Most tech startups tend to endure a long and strange journey on their way to finding product-market-fit and significant traction. But things have been a little more complex and confusing for Kountable, a startup in the FinTech space. Kountable has had multiple iterations and got its start in a corner of the world that few tech startups venture into. However, Kountable has found success along the way and is on track to reaching its vision.
Kountable co-founder and CEO Chris Hale joined startup coach Roland Siebelink on this week’s episode of the Midstage Startup Momentum Podcast. He shared details of Kountable’s journey and multiple iterations, as well as some of the key learnings he’s had as a founder:
- How Kountable has taken a different approach to traditional underwriting.
- Why it can sometimes be better not to focus too much on the value proposition.
- The best ways to build brand integrity and amplify trust with customers.
- The ways Kountable has been able to accelerate the enterprise sales cycle.
- What Kountable did when its working capital dropped to 0 in one day.
- How Kountable has been able to engineer fun with a remote team.
Roland Siebelink:Hello and welcome to the Midstage Startup Momentum
Podcast. My name is Roland Siebelink, and I'm a coach and ally for lots of
fast-growing startups in the whole world. Today, we're not going that far out
into the world because I have with me a guest from nearby Mill Valley,
California. It is Chris Hale, the CEO and founder of Kountable. Hello, Chris.
Thank you for joining.
Christopher Hale:Hello. Thank you for having me.
Roland Siebelink:Of course. We've been looking to get you on the podcast
for a while now, so I'm glad we could finally find a slot that works for both of
us. Chris, first question, as always, is a bit of the elevator pitch. What does
Kountable do? Who do you serve? And what do you deliver as an improvement to the
Christopher Hale:Thank you. The simple version of accountable is we're a
B2B marketplace, but we've got a very specific focus. We've built our B2B
marketplace around sophisticated go-to-market for global health companies like
OEMs, like Abbott and Becton-Dickinson, energy companies like Schlumberger and
Toyota, LG and technology companies like Cisco and others.
And I bring those up because they sell fairly sophisticated hardware, highly
finished goods through channels. There's not a real B2B marketplace model
focused on the sophisticated channel sales process, specifically around
international trade. We learned that from - our first set of customers were
actually in Kigali,Rwanda. Believe it or not, we went out to East Africa. The
very first set of customers that came on the platform were distributors and
resellers for all of these major brands. And they had effectively no
technological infrastructure to work with. And we just thought that was amazing,
where they were running these mission-critical supply chains for these
countries, running these mission-critical channel sales programs for these
brands, and they were doing it with analog tools, with regular Gmail, with
spreadsheets, with shoe boxes, and manilla envelopes. We said this is a lot of
volume, a lot of opportunity, and frankly, really important work that should be
getting done more efficiently.
Roland Siebelink:Then when you see the shoe boxes and the paper clip, you
immediately, as an entrepreneur, see an industry ripe for disruption, I'm sure.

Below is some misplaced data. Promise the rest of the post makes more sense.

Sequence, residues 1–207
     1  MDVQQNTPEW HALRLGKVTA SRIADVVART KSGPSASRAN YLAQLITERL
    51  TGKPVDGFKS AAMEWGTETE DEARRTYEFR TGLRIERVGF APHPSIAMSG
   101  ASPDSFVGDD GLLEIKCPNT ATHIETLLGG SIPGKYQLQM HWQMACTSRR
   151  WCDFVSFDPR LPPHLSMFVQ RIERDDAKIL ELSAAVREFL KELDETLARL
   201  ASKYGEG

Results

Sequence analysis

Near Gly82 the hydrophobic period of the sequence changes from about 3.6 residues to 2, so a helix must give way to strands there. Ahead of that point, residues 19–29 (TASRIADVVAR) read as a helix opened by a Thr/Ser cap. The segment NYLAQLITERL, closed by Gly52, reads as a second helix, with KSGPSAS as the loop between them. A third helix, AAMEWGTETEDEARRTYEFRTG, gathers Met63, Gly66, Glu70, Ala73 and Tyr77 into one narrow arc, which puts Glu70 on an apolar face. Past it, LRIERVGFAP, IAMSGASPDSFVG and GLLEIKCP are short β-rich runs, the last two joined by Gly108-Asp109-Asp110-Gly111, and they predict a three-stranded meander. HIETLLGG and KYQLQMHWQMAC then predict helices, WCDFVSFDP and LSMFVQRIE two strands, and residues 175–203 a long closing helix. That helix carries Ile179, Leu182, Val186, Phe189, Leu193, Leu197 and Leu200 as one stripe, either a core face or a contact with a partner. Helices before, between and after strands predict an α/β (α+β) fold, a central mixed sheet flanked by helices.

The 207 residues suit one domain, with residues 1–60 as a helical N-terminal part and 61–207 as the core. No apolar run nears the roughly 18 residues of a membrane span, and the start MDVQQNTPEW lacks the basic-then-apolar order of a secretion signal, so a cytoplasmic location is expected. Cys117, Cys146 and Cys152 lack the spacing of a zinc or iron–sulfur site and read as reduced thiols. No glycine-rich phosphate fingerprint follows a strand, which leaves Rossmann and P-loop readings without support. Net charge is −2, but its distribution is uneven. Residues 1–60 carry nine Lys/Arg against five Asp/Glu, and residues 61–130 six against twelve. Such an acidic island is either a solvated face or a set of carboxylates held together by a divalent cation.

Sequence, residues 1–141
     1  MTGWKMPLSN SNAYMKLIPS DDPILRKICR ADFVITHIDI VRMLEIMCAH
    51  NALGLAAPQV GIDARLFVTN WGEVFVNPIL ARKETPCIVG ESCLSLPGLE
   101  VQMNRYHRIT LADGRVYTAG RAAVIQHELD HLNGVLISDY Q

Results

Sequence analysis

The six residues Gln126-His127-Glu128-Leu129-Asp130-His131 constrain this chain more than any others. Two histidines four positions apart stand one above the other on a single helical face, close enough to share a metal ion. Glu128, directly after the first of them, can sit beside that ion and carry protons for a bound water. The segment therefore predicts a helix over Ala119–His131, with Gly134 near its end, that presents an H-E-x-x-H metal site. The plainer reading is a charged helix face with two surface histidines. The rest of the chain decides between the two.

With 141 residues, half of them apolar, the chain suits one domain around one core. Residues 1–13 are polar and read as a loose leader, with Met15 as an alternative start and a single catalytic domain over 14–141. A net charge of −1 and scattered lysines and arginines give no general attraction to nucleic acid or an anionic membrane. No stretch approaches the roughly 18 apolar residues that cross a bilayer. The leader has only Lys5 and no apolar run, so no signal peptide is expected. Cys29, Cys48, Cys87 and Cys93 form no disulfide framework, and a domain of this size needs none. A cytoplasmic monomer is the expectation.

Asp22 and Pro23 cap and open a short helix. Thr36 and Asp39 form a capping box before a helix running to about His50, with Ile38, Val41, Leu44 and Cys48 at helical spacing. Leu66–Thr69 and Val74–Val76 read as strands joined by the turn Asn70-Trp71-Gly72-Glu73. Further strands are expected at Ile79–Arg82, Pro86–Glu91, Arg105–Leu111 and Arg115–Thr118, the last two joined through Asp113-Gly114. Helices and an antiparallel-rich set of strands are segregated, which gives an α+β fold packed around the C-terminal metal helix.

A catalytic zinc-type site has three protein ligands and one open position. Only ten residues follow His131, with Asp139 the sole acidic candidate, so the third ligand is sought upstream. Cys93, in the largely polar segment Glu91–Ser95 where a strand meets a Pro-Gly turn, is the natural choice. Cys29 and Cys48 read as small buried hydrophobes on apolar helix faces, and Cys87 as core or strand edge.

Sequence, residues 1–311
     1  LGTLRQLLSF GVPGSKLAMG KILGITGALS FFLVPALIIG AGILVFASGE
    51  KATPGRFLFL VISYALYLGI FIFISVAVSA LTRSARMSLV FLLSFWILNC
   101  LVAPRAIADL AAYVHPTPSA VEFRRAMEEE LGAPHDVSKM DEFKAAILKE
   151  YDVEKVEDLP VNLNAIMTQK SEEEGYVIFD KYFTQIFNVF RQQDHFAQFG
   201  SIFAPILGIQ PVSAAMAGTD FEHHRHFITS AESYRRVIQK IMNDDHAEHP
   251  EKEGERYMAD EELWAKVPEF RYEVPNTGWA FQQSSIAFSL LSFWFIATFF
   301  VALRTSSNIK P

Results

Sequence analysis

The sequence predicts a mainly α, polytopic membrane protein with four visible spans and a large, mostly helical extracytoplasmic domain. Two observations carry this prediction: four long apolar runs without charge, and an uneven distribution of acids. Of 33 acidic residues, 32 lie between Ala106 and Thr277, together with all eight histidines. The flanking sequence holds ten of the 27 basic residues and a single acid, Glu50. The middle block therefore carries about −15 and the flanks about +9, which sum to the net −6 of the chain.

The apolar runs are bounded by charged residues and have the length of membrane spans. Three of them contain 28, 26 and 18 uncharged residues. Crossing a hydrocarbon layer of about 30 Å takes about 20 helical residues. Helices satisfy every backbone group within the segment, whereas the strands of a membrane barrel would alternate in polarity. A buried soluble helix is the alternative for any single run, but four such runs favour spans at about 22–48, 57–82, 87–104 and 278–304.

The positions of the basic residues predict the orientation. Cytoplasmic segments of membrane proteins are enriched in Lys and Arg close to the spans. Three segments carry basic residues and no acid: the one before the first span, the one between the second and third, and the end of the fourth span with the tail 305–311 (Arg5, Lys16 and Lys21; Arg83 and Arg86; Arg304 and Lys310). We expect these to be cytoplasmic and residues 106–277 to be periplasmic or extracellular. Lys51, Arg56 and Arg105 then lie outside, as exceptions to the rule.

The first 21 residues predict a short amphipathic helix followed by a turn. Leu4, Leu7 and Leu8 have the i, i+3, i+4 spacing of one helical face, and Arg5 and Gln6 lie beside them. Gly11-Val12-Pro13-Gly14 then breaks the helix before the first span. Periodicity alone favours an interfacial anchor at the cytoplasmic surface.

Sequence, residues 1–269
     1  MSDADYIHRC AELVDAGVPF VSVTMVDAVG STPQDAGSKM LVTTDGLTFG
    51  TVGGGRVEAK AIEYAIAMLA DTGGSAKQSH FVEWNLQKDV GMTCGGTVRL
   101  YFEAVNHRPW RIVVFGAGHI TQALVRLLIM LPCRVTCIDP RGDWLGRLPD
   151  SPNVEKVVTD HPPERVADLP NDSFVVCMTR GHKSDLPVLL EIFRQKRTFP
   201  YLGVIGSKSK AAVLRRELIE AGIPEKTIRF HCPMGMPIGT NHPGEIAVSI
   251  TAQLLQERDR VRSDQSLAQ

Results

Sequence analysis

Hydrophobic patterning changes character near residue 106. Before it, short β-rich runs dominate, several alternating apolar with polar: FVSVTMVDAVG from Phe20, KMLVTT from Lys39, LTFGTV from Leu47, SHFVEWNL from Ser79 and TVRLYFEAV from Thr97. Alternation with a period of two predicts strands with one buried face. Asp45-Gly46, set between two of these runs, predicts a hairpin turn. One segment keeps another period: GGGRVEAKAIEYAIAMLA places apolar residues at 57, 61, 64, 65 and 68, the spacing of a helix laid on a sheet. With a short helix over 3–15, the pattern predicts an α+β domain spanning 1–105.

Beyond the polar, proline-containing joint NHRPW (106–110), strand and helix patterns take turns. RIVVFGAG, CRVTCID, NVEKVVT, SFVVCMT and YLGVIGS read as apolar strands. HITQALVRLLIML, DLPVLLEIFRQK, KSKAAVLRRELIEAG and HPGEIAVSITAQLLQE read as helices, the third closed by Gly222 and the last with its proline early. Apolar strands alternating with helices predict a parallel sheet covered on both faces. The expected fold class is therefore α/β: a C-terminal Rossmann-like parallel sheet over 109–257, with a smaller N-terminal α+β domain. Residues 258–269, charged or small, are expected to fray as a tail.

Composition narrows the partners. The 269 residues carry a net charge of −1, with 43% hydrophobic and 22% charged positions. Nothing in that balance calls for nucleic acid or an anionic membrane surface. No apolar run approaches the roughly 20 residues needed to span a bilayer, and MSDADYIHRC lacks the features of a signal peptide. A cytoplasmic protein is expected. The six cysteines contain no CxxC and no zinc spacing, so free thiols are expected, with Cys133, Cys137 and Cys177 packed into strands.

How long did it take you to land into that pretty precise definition of your
customer group? I think you said people who produce sophisticated hardware and
sell it through channels. I understand there's a big global dimension there as
well. Was that a long cycle that you went through before you stumbled upon that
group that you have a big value proposition for?
Christopher Hale:It was. That came through traditional cohort analysis when
we were looking at who our most successful, most active, highest repeat
customers were in the database and the dataset. We set out to help entrepreneurs
globally. We knew that plugging entrepreneurs into traditional capital markets
and global trade flows was a great opportunity. And then the data just showed us
who we should focus on and we did. Ever since then, that's been what's defined
us in the landscape of B2B marketplaces is that unique focus. Our average basket
size - if you wanna use that word - is $150,000, which is very different than
the hundreds or low thousands of most marketplace models.
Roland Siebelink:Awesome. Very cool. Can you delve a little bit back into
the founding history of Kountable? What was the story? Did you have specific
expertise to feel attracted to this area? How did it all get started?
Christopher Hale:The original idea was born when I was in asset management.
I spent a number of years in the asset management industry, and ended up
migrating into what are called multi-family offices and single-family offices.
These are asset management businesses that serve traditionally the ultra high
net worth clients with $50 million or more. And in that role, I got very
intimate with how asset management technology was expanding to capture all of
the unique assets that those types of high net worth investors owned. And one of
those assets I got really interested in was trade finance.
After the financial crisis in 2008, a lot of banks that were traditionally
involved in trade finance had backed off as more of a focus on things like
anti-money-laundering and know-your-customer have come up, they've backed off.
It's really become this huge market opportunity. And it's an incredibly
attractive asset class because it's very short duration, it's intensely
information-rich, so if you can digitize that information, you can know a lot.
And it's traditionally asset backed where you have something you're buying
that's moving from point A to point B that you can track.
All of that got me enamored with it. And then I realized that by building this
technology platform, we could actually focus on sectors that we're doing good in
the world. We have had this sustainability focus. And those two things coming
together where you had technology around a unique asset class and then
sustainable investment opportunities were a big focus of mine in the asset
management industry and led us to this.
I just told that story for a long time and got lucky to find some core team